Of course, WTA’s commitment to the players remains priority number one. Its development programs, designed to support and promote the careers, health and safety of players, is second to none. Its many offerings include knowledge sharing, physiotherapy, nutritional counselling, media training and skills development. There’s also a mentorship program and something called Transitions, providing sophisticated education, training and career guidance to maximize player opportunities during and after their tennis career.
WTA’s strong focus on health is especially appreciated. “If it wasn’t for our physiotherapists we wouldn’t be here,” says Canadian player Gabi Dabrowski emphatically. “They keep us as healthy as we can be.” Her doubles partner agrees. “I can honestly say I wouldn’t be standing on the court this week if it wasn’t for Marlene,” says Sharon Fichman of her valued physiotherapist. She explains how after 15 days on the go, multiple time zones, flights, surfaces and balls, she’s beyond exhausted. “But Marlene was there with me until 11:30 last night, making sure I had every single treatment I needed. She’s the reason I could play.”
Dieticians are a real boon too, as is the new partnership with USANA. Not only does it give them peace of mind knowing the supplements they take are safe, it saves players a lot of money. “We’re professional athletes, we have to take care of our body and supplements are a big expense,” says Fichman. “The WTA goes out of their way to help as much as they can,” adds Dabrowski.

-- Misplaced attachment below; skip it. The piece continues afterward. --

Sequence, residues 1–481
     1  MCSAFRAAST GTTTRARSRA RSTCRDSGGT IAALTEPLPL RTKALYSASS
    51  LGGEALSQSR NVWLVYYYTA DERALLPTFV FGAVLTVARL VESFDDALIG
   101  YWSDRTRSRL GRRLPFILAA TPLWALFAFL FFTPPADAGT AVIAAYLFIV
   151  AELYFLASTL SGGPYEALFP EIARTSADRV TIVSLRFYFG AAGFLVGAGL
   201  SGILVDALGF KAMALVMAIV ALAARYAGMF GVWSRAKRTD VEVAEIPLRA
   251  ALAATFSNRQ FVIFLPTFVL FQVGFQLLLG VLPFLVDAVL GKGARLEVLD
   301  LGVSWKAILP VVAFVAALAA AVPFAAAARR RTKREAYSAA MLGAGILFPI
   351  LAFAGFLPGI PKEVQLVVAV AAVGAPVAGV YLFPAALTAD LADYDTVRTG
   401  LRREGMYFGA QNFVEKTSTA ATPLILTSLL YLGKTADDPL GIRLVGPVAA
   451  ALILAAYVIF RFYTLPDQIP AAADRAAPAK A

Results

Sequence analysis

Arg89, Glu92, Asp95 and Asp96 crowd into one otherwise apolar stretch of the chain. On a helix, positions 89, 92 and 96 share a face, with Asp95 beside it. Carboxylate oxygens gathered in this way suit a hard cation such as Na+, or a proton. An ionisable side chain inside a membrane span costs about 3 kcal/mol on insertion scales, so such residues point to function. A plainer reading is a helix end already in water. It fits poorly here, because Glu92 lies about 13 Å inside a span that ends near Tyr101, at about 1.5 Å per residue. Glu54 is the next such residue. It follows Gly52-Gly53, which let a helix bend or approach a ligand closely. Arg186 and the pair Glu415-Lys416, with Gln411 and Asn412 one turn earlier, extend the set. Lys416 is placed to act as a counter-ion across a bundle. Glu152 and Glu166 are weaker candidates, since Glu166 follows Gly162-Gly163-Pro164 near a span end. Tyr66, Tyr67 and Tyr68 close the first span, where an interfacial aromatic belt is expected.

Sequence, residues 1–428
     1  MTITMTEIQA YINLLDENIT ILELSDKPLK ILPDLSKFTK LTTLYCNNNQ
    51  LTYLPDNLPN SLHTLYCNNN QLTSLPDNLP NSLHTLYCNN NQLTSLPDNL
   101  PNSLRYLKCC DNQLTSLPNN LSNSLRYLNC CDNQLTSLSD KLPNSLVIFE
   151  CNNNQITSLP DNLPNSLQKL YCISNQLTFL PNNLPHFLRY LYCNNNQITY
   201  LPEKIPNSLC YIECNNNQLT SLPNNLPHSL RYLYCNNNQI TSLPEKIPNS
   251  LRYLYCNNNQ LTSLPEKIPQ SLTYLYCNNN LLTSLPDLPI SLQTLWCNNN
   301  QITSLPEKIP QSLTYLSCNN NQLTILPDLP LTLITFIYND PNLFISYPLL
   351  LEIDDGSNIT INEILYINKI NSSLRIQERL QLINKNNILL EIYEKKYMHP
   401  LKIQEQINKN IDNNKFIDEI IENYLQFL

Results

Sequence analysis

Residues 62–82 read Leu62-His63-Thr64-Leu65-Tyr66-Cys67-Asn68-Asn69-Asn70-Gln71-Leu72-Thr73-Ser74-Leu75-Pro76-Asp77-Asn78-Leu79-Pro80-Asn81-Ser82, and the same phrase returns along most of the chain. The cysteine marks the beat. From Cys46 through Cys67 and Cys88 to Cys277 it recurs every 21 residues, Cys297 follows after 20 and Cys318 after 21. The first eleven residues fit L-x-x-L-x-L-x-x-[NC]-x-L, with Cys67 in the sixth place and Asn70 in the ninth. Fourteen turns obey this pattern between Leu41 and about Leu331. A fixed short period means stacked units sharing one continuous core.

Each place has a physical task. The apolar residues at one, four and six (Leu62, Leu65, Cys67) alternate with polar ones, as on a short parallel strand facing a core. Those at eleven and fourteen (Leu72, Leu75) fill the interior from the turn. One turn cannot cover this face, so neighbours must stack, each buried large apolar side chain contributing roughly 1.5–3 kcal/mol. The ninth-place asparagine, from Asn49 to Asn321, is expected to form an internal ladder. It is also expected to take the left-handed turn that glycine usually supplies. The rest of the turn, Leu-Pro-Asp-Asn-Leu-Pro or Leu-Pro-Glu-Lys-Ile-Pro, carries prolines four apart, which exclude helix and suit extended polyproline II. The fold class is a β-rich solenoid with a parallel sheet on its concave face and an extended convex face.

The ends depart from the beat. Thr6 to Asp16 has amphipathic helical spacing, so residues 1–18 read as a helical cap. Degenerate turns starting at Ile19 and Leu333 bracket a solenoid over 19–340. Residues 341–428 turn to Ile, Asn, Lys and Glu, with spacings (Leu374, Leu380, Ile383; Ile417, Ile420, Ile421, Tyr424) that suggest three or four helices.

Bottom line: the WTA has proven one woman’s vision can have far-reaching resonance. “It was always Billie’s dream for any girl anywhere in the world, if she dreamt of playing professional tennis, she would have the opportunity,” says Allaster. “Now we have given young girls, around the world a chance to live that dream. This generation is living the dream. I’m living that dream.”
Truer words couldn’t be spoken by the woman who now sits at the helm of King’s creation. But the seeds of that job were first sown in Canada. “I’m a complete by-product of the sport development system in this country”, she offers, explaining it all began with a Fischer tennis racket, lessons at the Welland Tennis Club and a program offered by the OTA. “And I never left.”
Allaster’s first job was cleaning courts at the age of 12. She was a teaching pro at 16 and worked at the OTA for a couple of years before moving onto Tennis Canada, where she eventually became the tournament director. After 15 years at TC, Allaster decided it was time for challenges on the international stage. So she joined WTA as its president before taking on her current role.
Sometimes her life today feels surreal, she shares. “I really had to pinch myself,” Allaster says wistfully when asked how it felt to be sitting with King at the press conference, a woman who so significantly impacted her life and that of so many others. “I wouldn’t be in this job if it wasn’t for Billie and the Original Nine.”
Just another dream made possible thanks to a woman who would be (named) King.